We may find deep-sea microbes resting in tombs they built themselves

Featured Image: Alvin – a submersible Human Occupancy Vehicle (HOV) designed to allow data collection at depths up to 6,500 m below the ocean surface. Featured image courtesy of John Magyar, Caltech.

Paper: Microbially induced precipitation of silica by anaerobic methane-oxidizing consortia and implications for microbial fossil preservation

Authors: Daniela Osorio-Rodriguez, Kyle S. Metcalfe, Shawn E. McGlynn, Hang Yu, Anne E. Dekas, Mark Ellisman, Tom Deerinck, Ludmilla Aristilde, John P. Grotzinger, and Victoria J. Orphan

Maybe one weekend in your life, you found yourself piling into an SUV at 6 AM with seven other students, intermittently registering the drone of an overenthusiastic geology professor whose course you took to fulfill a degree requirement. If so, in that vehicle, the proclamation that “the present is the key to the past” was certainly uttered. A recent study conducted by Daniela Osorio-Rodriguez and collaborators epitomizes the power of those words.

You likely have heard a great deal about carbon dioxide (CO2) and its effect on the climate as a greenhouse gas in the past few years. The second most commonly discussed greenhouse gas is methane (CH4), largely because it has ~28x the warming potential of CO2 over a 100-year timescale. For this reason, scientists have been interested in microorganisms that convert CH4 to CO2 as their means of obtaining energy to live – a process referred to as methane oxidation. These organisms play an important role in preventing the accumulation of methane in the atmosphere. In most soils, including the grass outside your home, methane oxidation occurs with the help of oxygen (aerobically). However, in sediments at the bottom of the ocean, oxygen is exhausted and methane-oxidizing bacteria must carry out this process anaerobically.

For over two decades, microbial ecologists have been studying the anaerobic oxidation of methane (AOM) by a syntrophic consortium of methanotrophic archaea and sulfate-reducing bacteria (ANME-SRB) living as aggregates around ocean floor methane seeps. The AOM leaves a chemical signature in the limestone rocks that the microbes live in. This signature has been used to identify ancient methane seeps throughout the geologic past. At these sites, geologists have searched for fossilized evidence of ANME-SRB aggregates in rocks. You can imagine this search being like looking for dinosaur bones, except the fossils you are looking for are microscopic.

For decades, geologists have collected rocks from ancient methane seeps all over the world and searched for ANME-SRB under the microscope. Despite significant effort, geologists have yet to observe fossilized aggregates of ANME-SRB. This is the mystery that Osorio-Rodriguez and collaborators are helping resolve in their recent paper. While they did not find fossils of ancient aggregates, they have found what we should be looking for! They observed microbially enhanced precipitation of silica (chemically similar to everyday glass) on the exterior of aggregates in lab cultures, carbonate rocks, and methane-rich sediments. By changing the water chemistry around them, the microbes cause silica to precipitate from the solution in the same way mineral coatings precipitate around a faucet if the water is ‘hard’. To determine the co-occurrence of ANME-SRB aggregates and silica, the authors interrogated laboratory cultures of ANME-SRB with a number of techniques.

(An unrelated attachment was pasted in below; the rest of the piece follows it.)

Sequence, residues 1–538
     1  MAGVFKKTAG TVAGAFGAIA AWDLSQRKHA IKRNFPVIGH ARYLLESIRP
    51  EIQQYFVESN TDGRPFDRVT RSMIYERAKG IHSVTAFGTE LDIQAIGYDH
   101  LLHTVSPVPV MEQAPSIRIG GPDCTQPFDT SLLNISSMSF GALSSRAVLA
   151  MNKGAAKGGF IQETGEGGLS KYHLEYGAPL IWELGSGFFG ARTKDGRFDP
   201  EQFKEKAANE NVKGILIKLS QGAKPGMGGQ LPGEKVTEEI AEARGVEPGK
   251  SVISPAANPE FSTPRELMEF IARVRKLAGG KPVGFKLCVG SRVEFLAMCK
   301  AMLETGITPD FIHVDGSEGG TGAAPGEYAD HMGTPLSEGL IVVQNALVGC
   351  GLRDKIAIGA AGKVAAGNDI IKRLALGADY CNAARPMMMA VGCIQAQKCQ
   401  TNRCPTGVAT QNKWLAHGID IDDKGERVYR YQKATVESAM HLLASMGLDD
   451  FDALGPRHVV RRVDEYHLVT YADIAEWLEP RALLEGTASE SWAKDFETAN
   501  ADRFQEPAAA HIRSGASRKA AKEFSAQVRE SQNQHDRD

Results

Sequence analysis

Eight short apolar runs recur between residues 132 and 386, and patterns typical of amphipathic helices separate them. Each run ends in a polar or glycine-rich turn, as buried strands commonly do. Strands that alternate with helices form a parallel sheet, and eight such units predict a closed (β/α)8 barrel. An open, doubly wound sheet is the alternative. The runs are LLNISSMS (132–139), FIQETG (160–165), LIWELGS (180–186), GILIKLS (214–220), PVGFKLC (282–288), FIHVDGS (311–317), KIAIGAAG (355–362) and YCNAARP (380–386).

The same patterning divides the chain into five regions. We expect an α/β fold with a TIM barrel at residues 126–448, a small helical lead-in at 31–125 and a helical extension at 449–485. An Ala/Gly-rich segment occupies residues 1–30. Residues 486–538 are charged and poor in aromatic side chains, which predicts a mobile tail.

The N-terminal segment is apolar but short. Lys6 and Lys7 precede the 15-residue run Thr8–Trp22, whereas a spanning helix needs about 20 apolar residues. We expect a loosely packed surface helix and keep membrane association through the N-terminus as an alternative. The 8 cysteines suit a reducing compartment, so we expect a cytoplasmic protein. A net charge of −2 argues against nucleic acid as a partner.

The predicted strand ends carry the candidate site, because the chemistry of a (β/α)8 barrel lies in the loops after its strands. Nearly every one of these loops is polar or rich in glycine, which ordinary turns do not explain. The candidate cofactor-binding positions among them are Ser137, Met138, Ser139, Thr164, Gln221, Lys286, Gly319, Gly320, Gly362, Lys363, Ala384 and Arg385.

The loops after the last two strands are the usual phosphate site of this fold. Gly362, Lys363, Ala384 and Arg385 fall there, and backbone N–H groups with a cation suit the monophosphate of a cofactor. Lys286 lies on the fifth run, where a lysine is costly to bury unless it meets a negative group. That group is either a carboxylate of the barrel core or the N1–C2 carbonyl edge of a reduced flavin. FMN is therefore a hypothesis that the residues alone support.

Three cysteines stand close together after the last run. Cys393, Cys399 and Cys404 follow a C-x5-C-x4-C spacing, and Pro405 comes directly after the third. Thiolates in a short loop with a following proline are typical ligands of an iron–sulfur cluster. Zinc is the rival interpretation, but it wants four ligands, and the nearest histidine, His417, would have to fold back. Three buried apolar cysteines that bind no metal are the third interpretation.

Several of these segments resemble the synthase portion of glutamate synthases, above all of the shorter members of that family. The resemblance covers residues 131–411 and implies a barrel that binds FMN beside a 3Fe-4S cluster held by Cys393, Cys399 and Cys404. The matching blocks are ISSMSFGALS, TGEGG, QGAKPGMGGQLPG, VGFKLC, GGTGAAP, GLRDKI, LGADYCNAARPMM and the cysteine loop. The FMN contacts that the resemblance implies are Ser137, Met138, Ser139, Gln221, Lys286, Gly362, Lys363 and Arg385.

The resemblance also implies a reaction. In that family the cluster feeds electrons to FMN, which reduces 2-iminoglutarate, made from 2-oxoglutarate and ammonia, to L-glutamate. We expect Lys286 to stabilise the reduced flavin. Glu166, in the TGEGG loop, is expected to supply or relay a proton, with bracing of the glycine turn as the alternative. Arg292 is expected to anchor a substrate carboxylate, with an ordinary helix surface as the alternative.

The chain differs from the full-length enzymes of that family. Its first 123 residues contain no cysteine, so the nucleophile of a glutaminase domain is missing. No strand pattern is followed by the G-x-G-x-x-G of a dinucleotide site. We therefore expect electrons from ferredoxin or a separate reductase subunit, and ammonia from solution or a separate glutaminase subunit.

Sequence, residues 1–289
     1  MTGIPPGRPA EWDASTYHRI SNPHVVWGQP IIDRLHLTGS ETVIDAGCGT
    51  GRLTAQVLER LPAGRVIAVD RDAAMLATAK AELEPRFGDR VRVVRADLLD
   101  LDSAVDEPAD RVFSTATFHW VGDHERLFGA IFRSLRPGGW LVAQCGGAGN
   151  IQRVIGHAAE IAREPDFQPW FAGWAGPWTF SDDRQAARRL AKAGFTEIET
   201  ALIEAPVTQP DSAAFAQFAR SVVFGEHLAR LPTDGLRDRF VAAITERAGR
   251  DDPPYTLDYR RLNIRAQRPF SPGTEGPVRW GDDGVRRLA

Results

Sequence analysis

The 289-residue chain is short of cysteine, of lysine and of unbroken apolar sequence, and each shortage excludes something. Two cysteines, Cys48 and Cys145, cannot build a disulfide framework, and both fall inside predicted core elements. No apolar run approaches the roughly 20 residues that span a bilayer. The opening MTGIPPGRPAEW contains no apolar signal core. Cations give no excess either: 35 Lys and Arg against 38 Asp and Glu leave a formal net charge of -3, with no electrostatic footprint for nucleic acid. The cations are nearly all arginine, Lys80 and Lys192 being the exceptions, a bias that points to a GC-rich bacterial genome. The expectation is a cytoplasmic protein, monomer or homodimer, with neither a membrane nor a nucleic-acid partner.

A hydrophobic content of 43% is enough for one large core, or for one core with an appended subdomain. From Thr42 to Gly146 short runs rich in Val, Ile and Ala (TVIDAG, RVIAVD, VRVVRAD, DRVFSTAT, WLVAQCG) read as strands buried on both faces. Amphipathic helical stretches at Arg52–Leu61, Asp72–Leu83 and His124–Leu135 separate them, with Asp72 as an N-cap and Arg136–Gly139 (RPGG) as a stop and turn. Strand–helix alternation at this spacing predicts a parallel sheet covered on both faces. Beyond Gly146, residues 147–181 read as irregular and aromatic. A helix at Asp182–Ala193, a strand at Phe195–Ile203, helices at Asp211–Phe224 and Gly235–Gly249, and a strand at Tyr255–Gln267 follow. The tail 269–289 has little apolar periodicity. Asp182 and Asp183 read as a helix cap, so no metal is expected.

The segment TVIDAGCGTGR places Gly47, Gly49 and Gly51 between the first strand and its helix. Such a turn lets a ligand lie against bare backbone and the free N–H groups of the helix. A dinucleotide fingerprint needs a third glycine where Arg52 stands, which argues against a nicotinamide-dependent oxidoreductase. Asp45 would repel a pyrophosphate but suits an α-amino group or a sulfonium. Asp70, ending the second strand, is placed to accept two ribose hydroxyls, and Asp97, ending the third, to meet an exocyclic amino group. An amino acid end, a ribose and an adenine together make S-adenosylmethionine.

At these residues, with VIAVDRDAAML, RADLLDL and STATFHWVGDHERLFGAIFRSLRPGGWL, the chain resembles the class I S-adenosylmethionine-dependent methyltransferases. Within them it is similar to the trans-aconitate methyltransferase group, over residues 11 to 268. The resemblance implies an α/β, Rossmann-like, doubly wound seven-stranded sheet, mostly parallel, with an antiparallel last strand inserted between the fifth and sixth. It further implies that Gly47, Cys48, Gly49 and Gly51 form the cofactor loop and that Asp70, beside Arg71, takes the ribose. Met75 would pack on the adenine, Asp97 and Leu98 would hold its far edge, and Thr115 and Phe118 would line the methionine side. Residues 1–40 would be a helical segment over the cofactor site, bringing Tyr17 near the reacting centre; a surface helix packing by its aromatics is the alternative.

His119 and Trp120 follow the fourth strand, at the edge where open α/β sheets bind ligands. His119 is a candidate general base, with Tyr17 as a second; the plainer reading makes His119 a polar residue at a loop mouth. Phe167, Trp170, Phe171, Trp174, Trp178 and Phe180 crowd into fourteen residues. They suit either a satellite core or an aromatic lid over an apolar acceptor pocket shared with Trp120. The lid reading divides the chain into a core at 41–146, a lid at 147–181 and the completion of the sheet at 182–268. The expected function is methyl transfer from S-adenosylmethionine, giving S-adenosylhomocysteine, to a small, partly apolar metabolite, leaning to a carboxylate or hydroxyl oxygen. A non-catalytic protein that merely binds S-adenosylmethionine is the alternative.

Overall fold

1. Fluorescence in situ hybridization (FISH) – This technique attaches a fluorescent molecule to a target DNA sequence, so that cells expressing this target DNA glow. Using target DNA for both ANME and SRB, the researchers can identify ANME-SRB aggregates as clusters of pink (ANME) and blue SRB) cells.
  2. Scanning Electron Microscopy (SEM) – This technique produces highly magnified images, allowing the researchers to identify ∼230 nanometer-sized amorphous silica spheres (small glass beads nearly 500x smaller than the thickness of a piece of paper) adjacent to the cell aggregates.
  3. Energy dispersive X-ray spectroscopy (EDS) – This technique allows scientists to make maps of elements (ex. silicon, carbon, etc.) around an aggregate while it is being photographed on the SEM.

Not only did the researchers observe the repeated precipitation of silica around the aggregates, by studying the chemistry of the artificial seawater, they could confirm that the silica could not be precipitating abiotically (without the presence of microbes) in their experiments. This allowed them to confirm that the cellular activity must play a role in the silica precipitation they observed. Also, they found that the silica precipitated near the aggregates is chemically different (containing less Mg, Al, and Fe) from other silicate minerals found at methane seeps.

Like all groundbreaking research, this study has raised new questions that have yet to be answered. While the authors are confident that the microbial activity is inducing the silica precipitation, how the microbes are doing this is still unknown. The eventual explanation will involve homing in on biochemical processes occurring in either ANME clusters, SRB clusters, or at the interface between the two that locally changed the water chemistry such that silica preservation is favorable. All that means is there is more exciting science be carried out.

Importantly, this research on modern aggregates has armed geologists with a new target in the search to identify fossilized consortia in the geologic past.

We may find deep-sea microbes resting in tombs they built themselves © 2024 by Joshua Anadu is licensed under CC BY-SA 4.0 

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